Canadians will be able to purchase government-backed Ukraine Sovereignty Bonds, which will help fund the Ukrainian government.
Canada is also sanctioning "35 senior officials of energy entities, and six energy sector entities, involved in Russia’s illegal invasion. We intend to impose sanctions on members of the Russian justice and security sectors, too," Trudeau said in a tweet Friday.
In preparation for winter, Canada is allocating funding to help provide shelter, blankets, clothing and heating appliances. There will also be funding for de-mining efforts.
"As the Russian regime continues its unwarranted and unjustifiable aggression against Ukraine, we’ll continue to support the Ukrainian government and people," Trudeau tweeted.
Progress at establishing a protection zone for Ukraine’s Zaporizhzhia nuclear plant is going too slowly, according to Rafael Grossi, the head of the United Nations' nuclear watchdog agency.
Grossi, who serves as director general of the International Atomic Energy Agency, added that he is "very frustrated."
“For me, establishing a protection zone around a nuclear power plant is as self-evident as anything can be. How can you shell a nuclear power plant for God’s sakes?” Grossi said at an event hosted by the Carnegie Endowment for International Peace in Washington Friday.
Russia, which controls the Zaporizhzhia Nuclear Power Plant, detained two staff members there on Oct. 17, which caused “great concern” for Grossi.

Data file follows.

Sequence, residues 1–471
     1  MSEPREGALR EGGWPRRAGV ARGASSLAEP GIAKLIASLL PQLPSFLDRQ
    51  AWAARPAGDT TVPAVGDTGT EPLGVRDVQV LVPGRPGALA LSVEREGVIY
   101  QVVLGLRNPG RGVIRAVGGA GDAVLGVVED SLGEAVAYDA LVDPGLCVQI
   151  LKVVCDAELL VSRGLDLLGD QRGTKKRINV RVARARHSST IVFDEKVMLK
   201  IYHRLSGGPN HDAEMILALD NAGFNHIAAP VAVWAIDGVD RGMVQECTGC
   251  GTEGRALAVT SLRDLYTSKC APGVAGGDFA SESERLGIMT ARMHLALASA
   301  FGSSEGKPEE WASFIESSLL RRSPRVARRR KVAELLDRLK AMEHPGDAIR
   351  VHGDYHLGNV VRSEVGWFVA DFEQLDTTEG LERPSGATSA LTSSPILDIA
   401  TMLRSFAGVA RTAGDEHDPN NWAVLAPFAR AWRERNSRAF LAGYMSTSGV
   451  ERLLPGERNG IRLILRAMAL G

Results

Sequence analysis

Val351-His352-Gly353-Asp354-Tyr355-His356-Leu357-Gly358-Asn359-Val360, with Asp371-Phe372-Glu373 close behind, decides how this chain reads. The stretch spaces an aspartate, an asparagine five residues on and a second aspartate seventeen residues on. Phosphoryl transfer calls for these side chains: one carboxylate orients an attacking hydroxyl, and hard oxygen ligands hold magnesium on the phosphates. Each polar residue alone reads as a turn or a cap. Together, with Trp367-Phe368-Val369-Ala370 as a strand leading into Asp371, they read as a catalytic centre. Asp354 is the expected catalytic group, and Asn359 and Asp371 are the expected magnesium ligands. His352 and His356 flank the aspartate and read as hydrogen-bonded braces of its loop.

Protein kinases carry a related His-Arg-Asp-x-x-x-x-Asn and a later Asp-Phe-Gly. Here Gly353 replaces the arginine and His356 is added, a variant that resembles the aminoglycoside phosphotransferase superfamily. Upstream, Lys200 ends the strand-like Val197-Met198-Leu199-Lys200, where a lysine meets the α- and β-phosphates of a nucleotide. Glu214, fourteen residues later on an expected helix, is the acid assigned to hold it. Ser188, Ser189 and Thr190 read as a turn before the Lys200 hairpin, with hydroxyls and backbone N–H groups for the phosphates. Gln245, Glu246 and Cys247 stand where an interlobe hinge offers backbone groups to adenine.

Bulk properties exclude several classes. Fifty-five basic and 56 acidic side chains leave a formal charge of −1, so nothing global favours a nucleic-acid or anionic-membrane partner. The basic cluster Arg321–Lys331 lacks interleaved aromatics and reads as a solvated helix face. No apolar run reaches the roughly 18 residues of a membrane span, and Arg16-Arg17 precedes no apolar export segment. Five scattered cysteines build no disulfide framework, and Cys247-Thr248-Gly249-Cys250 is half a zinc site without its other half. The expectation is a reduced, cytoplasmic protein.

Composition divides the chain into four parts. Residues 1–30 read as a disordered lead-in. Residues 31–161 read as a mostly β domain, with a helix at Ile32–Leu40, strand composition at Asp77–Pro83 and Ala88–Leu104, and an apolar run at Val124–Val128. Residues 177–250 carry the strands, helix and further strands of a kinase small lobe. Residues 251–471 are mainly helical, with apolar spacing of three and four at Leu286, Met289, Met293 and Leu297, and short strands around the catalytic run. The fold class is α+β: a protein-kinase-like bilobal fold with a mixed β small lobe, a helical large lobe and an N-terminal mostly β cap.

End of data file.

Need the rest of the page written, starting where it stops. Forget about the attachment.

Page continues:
Some background: The plant is the largest nuclear power facility in Europe and has been under Russian control since the beginning of the war, though it is still operated mostly by Ukrainian technicians.
Ukraine’s military alleged this month that plant employees are subjected to “moral and psychological pressure” to obtain Russian passports and sign employment contracts with Russia’s nuclear agency.
Grossi has repeatedly called for a nuclear safety zone around the plant “as soon as possible,” citing the threat that fighting over the facility could cause a nuclear accident.
It all comes at an increasingly fragile time for Ukraine's energy supply. In recent weeks, Russian missile and drone attacks have targeted Ukraine’s power plants and electrical grid leading to rolling blackouts and water supply disruptions.
CNN's Olga Voitovych and Joshua Berlinger contributed to this report.